I have a project I am working on where I am supplying 12V to the VIN pin on a Duemilanove using an external 12V power source that also powers some LEDs and I have run into a problem. If a USB connection is made I am seeing 5 volts at VIN which I was not expecting to feed through and in my current setup I have actually blown a board because at one point I did not have the external 12V power supply on and then the 5V coming from the USB connection was trying to power my LEDs which seems to have blown the FTDI chip due to too much current. Is this how the board is supposed to work?
More importantly, if I want to prevent this from happening can I just put a diode in between VIN and my external 12V power supply? I think that would work and if so can someone provide me with any diode suggestions?
I know I could also either cut the 5V wire on my USB cable or possibly the 5V trace on the board coming from the USB connector but I think the diode would do the trick too, any advice would be much appreciated.
I’ve used USB with 9V battery on Vin with no problem. Maybe your arduino has a defective voltage selecting chip? If too much current is drawn on the USB your computer will disconnect it USB and the arduino fuse can also act. Check for solder bridges on the small 8-pin chip maybe?
The first part makes sense: if 5V is present but your Vin (12V) is not then current can flow backwards through the voltage regulator (which damages it) and light your LED's. So don't do that :) As you suggested, a diode from your 12V node to Vin will prevent this. But there is already such a diode on the Duemilanove, connected to the external power connector. Why not just use that? Connect your 12V supply to a 2.1mm power jack and plug it in to the DC power input. Or you can use a diode :)
I don't understand why your FTDI chip fried though. It does not supply any current except to the +3.3V supply.
The Rugged Motor Driver: two H-bridges, more power than an L298, fully protected
How are the LEDs wired up? You have some external chip or transistor controlling them? Post your schematic for review.
This could an be the same issue that some reported about on the old forum. Can't find it now, so from possible faulty memory, they changed the voltage switching FET used on the board to one that had a lower gate/source threshold value and the auto voltage switching comparator op-amp output voltage does not go low enough to ground to turn off the mosfet causing USB voltage if present to 'leak' past the mosfet and backfeeding through the on-board 5 volt regulator and appearing on the Vin pin. I don't know if they ever came up with a fix or not.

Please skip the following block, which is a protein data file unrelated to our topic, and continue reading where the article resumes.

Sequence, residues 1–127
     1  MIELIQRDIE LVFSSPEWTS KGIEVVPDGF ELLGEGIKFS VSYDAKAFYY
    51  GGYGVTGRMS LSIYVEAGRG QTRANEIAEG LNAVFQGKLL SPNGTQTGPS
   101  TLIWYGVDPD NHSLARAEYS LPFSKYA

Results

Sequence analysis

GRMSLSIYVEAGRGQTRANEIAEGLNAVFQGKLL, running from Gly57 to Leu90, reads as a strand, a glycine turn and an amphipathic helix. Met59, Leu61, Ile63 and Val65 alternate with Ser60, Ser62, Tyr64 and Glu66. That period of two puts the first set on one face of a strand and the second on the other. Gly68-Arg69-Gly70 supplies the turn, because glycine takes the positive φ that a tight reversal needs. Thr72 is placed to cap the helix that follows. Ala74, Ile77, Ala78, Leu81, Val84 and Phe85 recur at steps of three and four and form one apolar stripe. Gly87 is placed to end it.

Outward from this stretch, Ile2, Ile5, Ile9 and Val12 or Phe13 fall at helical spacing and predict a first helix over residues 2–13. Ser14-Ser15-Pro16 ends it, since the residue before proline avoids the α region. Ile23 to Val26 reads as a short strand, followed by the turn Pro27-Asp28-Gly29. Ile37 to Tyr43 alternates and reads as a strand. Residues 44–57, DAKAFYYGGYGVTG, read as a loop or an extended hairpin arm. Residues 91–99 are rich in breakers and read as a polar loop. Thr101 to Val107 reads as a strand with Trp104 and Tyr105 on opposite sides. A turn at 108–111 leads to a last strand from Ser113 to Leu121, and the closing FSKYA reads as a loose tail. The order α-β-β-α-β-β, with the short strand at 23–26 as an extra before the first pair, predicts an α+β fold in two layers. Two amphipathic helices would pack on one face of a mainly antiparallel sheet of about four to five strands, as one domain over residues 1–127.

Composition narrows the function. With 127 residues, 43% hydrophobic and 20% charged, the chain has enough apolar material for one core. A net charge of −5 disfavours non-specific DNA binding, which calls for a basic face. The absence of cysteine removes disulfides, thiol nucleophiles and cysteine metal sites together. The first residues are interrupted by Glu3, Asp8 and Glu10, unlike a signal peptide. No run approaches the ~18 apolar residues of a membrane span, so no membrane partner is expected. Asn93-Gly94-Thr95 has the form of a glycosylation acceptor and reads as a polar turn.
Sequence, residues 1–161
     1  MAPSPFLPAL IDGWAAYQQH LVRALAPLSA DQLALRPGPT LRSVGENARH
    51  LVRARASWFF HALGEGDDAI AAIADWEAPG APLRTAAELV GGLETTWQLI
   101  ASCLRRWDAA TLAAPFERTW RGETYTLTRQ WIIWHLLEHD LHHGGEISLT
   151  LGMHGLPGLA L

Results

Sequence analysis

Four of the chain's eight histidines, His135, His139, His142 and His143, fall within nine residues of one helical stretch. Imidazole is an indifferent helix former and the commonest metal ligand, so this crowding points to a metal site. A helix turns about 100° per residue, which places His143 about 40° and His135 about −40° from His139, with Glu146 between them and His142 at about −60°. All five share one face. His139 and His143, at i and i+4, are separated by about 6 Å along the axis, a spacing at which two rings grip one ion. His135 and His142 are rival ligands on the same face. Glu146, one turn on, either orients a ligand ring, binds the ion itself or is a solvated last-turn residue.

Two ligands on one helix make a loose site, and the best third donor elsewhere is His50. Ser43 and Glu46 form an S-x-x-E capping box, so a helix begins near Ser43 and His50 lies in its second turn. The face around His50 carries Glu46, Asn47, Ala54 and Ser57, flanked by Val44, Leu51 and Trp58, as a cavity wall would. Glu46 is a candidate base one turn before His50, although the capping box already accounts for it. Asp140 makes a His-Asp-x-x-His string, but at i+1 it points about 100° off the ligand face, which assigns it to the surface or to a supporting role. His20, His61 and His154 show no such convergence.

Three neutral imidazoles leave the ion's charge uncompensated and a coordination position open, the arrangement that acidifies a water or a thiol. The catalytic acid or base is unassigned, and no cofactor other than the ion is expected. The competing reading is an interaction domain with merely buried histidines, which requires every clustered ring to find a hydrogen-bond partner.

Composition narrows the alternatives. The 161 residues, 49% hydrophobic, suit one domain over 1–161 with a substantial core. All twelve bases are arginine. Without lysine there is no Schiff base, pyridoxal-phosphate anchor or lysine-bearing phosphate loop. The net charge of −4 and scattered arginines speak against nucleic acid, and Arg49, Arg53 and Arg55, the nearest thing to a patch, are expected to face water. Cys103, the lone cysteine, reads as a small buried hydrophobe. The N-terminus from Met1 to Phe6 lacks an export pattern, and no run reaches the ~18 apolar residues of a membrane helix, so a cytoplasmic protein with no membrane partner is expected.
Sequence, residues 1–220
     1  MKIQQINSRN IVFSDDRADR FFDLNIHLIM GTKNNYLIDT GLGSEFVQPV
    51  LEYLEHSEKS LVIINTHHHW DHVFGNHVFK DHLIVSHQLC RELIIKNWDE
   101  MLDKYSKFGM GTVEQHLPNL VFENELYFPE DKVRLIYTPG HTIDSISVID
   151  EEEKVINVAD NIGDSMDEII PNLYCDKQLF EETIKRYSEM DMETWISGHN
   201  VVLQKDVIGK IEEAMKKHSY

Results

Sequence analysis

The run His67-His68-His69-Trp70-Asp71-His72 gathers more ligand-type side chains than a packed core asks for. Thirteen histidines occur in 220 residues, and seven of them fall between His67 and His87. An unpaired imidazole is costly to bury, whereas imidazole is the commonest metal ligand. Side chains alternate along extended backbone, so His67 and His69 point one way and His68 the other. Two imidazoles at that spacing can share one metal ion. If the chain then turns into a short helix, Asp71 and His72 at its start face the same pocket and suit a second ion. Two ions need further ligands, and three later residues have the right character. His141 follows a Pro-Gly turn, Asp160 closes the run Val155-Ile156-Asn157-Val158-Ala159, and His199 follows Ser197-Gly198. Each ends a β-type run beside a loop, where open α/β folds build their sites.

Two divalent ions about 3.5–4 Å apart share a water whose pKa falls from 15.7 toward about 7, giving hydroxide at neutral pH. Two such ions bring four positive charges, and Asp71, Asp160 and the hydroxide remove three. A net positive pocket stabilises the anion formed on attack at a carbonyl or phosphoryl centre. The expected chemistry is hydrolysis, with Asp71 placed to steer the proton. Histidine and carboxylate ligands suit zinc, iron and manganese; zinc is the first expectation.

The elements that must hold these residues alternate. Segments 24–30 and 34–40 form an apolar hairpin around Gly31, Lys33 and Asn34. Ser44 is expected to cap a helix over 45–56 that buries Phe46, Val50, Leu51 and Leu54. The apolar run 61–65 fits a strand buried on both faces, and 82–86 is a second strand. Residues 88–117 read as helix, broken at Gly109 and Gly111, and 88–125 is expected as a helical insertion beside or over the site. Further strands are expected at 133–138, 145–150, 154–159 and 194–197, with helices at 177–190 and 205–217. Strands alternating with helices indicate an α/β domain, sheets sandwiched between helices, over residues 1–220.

Anyone else recall that symptom?
I recall lots of posts about folks claiming the mosfet was designed in wrong, and others explaining how the design was being misinterpreted was actually correct.
I supply my own 5v to VCC and don't use the internal regulator (I use more 5V current elsewhere than the regulator can support), and suppy 12V to LEDs for control via transistor.
Thanks for all the quick replies. I thought I read somewhere that if too much current was being pulled from the USB connection that it would disconnect but when the incident occurred the USB port was VERY hot and then after it cooled down and I reconnected JUST the board it was no longer accessible via a virtual COM port and also the RX/TX lights do not blink at all which made me think the FTDI chip got toasted.
The reason I don't want to use the 2.1mm power jack is because I prefer to not have the 12 volt power pass through the board and then to the LEDs, I have plans on adding more LEDs and figure if I don't have to have the 12 volt power current to the LEDs pass through the board there is less chance of damaging the board. So this is why I run my 12 volt external power to the VIN pin as well as to the LEDs common anodes. With this setup then only the power needed to run the board itself passes into the VIN pin. I need the USB connection for serial communication but NOT power so that is why I thought I could possibly just cut the 5V wire on the USB cable or the 5V trace from the USB connector but if a diode would work to prevent the USB 5V from going out of VIN to my LEDs that would be much cleaner in my opinion and if anyone has a suggestion of what diode to use that would be great.